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Gavin said he'd located fallacies (where?)


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You seem to know what "intelligence" is enough to use it in a sentence.  Shall we blame it on Godel's theorem?

The point is that you cannot have an empirical proof in principle.  Pointing to the epistemic problems that a revelatory proof might have don't really address that issue, IMHO.

Perhaps that won't stop you from supposing otherwise.

Whee! We agree again! Hey, we have to do this more often Bryan. As I pointed out at some length, an empirical proof, as you put it, is impossible. Disproof, yes, fine, but proof, outside the realms of mathematics, no can do.

I think I’d have been able to follow your answer adequately in the short form, given that it’s the one I expected from someone who knew something of epistemology.

You’re fudging a bit, however, since you were not asked for a mathematical proof of your intelligence but a scientific proof.

I’ll rephrase the question to make it clearer:

What scientific evidence would lead you to believe that you are intelligent?

And the people who subscribe to it, it seems (see "bigot").

Covered above. I distinguish people from the beliefs they hold. I'm not obstinate, I described myself as a strong agnostic, not, you note, an atheist. I think atheism is as untenable as deism.  Believing that there is no god is about as justifiable as believing there is.  I just take things on the preponderance of evidence.  Strong agnostic I remain.  Show me proof, either way and I'll follow where it leads.  That isn't obstinate, therefore I am no bigot.

“Religion isn't rational. Its dogmatic.”

The foregoing dogma courtesy of Gavin.

Oh, and I’m not bigoted against short people. Show me a short person who doesn’t have little eyes and doesn’t run around telling great big lies and I’ll follow the evidence where it leads.

But short people have little eyes and run around telling great big lies.

Do I seem about as consistent as you?

Spiritual truth is best arrived at through a personal journey of some kind IMHO.  Accepting someone else[‘]s truth, at face value, is not something I would recommend.

You probably ought to refrain from recommending that spiritual truth anyway, for the sake of avoiding self-stultification (but I suppose you can blame Godel).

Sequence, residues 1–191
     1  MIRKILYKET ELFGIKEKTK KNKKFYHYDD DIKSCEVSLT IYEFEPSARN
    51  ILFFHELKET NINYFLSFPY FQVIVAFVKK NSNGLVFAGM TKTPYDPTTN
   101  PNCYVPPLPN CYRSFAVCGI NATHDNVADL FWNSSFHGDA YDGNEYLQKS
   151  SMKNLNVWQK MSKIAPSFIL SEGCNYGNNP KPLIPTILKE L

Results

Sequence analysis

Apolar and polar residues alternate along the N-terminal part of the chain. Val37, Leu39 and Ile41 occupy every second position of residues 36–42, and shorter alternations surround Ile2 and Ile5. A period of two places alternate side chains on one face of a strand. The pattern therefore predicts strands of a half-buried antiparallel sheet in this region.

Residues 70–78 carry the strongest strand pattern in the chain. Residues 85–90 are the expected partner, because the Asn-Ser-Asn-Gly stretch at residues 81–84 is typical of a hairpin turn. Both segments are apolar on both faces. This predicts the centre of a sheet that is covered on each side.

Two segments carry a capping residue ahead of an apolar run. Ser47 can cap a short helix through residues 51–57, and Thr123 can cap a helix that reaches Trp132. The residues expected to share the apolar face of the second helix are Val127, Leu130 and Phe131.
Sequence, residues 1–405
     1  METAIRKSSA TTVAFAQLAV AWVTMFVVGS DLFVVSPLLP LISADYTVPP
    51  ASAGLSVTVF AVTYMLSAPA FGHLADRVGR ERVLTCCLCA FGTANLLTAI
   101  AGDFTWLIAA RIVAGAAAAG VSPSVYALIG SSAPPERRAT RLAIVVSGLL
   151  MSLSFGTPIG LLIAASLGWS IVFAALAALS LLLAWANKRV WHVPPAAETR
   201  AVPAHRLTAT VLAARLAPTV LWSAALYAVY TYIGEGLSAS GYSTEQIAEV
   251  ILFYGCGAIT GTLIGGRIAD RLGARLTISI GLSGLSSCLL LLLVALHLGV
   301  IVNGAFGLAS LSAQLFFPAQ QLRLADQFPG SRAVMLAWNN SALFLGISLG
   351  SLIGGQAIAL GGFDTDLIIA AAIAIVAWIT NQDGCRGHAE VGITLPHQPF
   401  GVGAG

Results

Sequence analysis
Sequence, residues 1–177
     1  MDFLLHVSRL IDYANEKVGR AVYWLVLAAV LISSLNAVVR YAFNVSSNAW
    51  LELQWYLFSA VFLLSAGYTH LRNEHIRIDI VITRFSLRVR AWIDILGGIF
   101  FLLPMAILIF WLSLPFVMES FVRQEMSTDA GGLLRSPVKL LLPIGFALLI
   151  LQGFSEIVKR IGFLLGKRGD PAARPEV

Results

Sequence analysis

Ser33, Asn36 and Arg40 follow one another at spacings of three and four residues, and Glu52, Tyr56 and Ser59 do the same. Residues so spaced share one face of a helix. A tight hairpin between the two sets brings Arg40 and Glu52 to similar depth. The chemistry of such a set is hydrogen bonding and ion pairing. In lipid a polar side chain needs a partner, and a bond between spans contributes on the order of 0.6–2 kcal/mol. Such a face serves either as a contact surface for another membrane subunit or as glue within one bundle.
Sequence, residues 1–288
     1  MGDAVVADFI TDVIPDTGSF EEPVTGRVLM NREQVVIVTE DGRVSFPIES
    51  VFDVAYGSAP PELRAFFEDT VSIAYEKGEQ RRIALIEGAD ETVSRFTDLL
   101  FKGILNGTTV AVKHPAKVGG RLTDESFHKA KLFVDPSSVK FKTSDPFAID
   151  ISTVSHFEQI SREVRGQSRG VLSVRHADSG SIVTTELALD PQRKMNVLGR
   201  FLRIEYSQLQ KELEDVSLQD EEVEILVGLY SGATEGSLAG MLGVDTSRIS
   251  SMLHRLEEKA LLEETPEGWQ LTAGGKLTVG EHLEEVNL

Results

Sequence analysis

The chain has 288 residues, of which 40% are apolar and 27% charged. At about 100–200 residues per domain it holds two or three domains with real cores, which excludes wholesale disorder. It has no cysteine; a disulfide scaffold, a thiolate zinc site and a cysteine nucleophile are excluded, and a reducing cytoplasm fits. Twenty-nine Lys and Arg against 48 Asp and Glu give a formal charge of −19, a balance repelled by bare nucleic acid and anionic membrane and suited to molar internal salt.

Okay, I quite agree, I do refrain from making that recommendation, I merely, and humbly, express my personal opinion. That's what IMHO means, as you very well know.  And never in class. ;) (Unless asked, of course)

IMHO, you shouldn’t assume that a recommendation cannot also be an opinion.

That so many people are willing to do so astounded me until I realized that there were certain evolutionary advantages to accepting things on faith. In fact, and you'll get a real kick out of this, religious belief is only really explicable in terms of natural selection and the structure of early hominid society. Having invented it, we then proceed to indoctrinate our young with it.  So, we end up with religious beliefs that are simply an accident of birth.  If I had been born in Malaysia I would almost certainly be muslim.  And, no matter what doubts I might have as to my faith, there is nothing I can do to apostacize, let alone get my foreskin back.

(intellect as slave to cause-and-effect.  Is there any evolutionary advantage to self-awareness, under the assumption that our choices are beyond our ability to control?)

Yes. Bad assumption. Intellect is what frees us from cause and effect by allowing us to manipulate cause and thereby control effect.

Wouldn’t you say that Ockham’s razor dispenses with that notion in an instant? It should be simpler to suppose that the freedom you reference is more parsimoniously explained by a complex set of prior causes that provide you the illusion that you have freed yourself from cause and effect. One less entity, no?

Intellect allows us to anticipate the effect of a given cause.  Mind you, rats can learn which button to press, and they don't rank to highly on my scale of intellectuals. 

1) How do you know it’s not anticipation but coincidence of a set of other prior causes that provide the appearance of anticipation? Isn’t the former more parsimonious?

2) Chess programs (even early ones) give the appearance of anticipating the effect of a given cause. Are chess programs intelligent?

Can we get back to your definition of intelligence one day?

Use the usual definition if it permits you to answer coherently. If the normal definition doesn’t work then take your pick of one that allows you to answer.